The National Geographic collection “Atlas of Cursed Areas” manages to sneak in some sly political commentary less than the trappings of the normal sensationalistic tales of the weird and supernatural. In the episode “The Curse of West Virginia” host Sam Sheridan journeys to the Mountain State, where by the curse he investigates is the elusive Mothman, potentially ideal acknowledged as the subject of “The Mothman Prophecies,” a 2002 horror movie starring Richard Gere.
In November 1966, in Place Pleasurable, a town at the confluence of the Kanawha and Ohio rivers, two partners claimed to have been chased by a big winged guy with glowing pink eyes while they were driving in the vicinity of an aged army munitions dump. More sightings and other strange phenomena happened, these kinds of as a dog disappearing and strange adult males in black appearing in a diner who did not know how to use utensils. Then in December 1967 a sighting of the Mothman was claimed at the close by Silver Bridge just just before it collapsed, killing 46 men and women. Other disasters adopted, which includes a flood of coal slurry from a mine in 1972 that killed 125 people today in Buffalo Creek Valley.
Sheridan’s search for the real truth normally takes him to a scary bunker abandoned due to the fact Entire world War II, in which the creature was rumored to dwell. In pitch darkness (why not go to in the day?) he opens the creaky metallic door and finds . . . dank partitions covered with graffiti. No Mothman, but Sheridan details out that in 1983 the put was declared an Environmental Safety Company Superfund web page. He then visits an engineering pro who demonstrates how the Silver Bridge collapsed simply because of shoddy building and talks to activists who position out how West Virginia’s lax rules for the fossil fuel market have resulted in quite a few catastrophes.
Some attribute these disasters to the curse of Cornstalk, a Shawnee main treacherously murdered in 1777 in close proximity to Level Pleasurable by militiamen. Sheridan wonders no matter whether the serious offender might not be the curse or the Mothman but ruthless developers and mining corporations that have razed the landscape, polluted the drinking water, and poisoned the populace. The point that his tires are slashed and an individual chases him off a single spot at gunpoint as he searches for clues suggests that his rationalization might be nearer to the fact.
“The Curse of West Virginia” can be found as portion of the “Atlas of Cursed Places” collection on the Countrywide Geographic Channel Dec. 29 at 9 p.m. Go to www.nationalgeographic.com/tv set/reveals/atlas-of-cursed-sites.
The Belgian aristocrat of the title in Grace Wintertime and Luc Plantier’s The Marquis of Wavrin: From the Manor to the Jungle (2017) was not constantly a great guy. Robert de Wavrin (1888-1971) was born into a rich noble loved ones that could trace its lineage back to the 11th century. At 25 he induced a scandal when he blithely shot two boys pilfering nuts on his estate, seriously wounding them. Wavrin didn’t bother to attend the trial. Immediately after the prosecutor pointed out that the privileges of the nobility experienced been rescinded in 1789, the court sentenced him to a yr in jail.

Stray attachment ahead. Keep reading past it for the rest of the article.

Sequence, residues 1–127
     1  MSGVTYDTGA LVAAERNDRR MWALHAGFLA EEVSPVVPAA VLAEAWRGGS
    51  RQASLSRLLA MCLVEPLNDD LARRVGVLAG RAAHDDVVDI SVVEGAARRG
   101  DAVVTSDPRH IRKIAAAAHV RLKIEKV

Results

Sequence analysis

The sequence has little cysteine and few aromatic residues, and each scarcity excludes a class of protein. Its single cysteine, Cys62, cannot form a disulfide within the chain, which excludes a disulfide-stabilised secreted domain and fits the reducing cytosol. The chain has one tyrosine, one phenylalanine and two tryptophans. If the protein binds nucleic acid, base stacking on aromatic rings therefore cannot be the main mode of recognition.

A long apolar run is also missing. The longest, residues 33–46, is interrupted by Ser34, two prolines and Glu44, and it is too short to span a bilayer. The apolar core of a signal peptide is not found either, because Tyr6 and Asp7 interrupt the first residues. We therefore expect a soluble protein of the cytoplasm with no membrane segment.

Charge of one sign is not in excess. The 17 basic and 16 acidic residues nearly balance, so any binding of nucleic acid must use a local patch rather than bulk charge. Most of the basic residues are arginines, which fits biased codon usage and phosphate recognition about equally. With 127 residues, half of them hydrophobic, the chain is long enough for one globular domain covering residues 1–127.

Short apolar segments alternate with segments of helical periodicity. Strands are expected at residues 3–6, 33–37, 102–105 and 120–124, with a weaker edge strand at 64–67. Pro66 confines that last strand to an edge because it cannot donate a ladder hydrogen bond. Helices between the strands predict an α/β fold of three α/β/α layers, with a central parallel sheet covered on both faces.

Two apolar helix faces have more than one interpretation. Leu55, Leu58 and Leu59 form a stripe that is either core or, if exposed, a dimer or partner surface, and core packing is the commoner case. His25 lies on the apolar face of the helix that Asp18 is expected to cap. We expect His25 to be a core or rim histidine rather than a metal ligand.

Wavrin fled to Argentina, where a thing altered in him. He was drawn to the wilderness and unexplored spots, traveling to the pampas, having a little boat with his digital camera up the Paraná River into Paraguay, then on to Brazil and over and above, taking pictures the animals (sometimes basically heaps of photos of him with lifeless pumas and tapirs), the landscapes, and the indigenous persons together the way.
The journey took 3 decades. It was the initially of numerous, and he began filming as effectively as photographing what he noticed. The movies brought about a stir, in particular “In the Land of the Scalp” (1931), in which he captured the Shuar people today practising their rite of “tzantza” — shrinking heads. In 1938 he planned an bold expedition to uncover the supply of the Orinoco River, but he could not elevate enough funds. Entire world War II intervened, and his travels finished. He died in 1971, largely neglected, his films missing.
Winter and Plantier’s film tells this tale in Wavrin’s very own words and images — the previous verging on the magniloquent, the latter limpid and haunting. The illustrations or photos have survived since of Winter’s operate in the Royal Movie Archive of Belgium, recovering and restoring them, which the film also particulars. Nevertheless Wavrin verges at situations on the voyeuristic, he does not indulge as did some early ethnographic documentarians in a colonialist, condescending mindset to indigenous men and women but is as an alternative deeply curious, empathetic, and protecting. In one particular prescient scene he shoots a primitive village on stilts in a lake in Venezuela, and then cuts to the other shore to a contemporary model of the similar — rows of oil wells, the beginning of the exploitation and despoliation that will render virtually all of Wavrin’s beloved tribes extinct.
Peter Keough can be achieved at [email protected].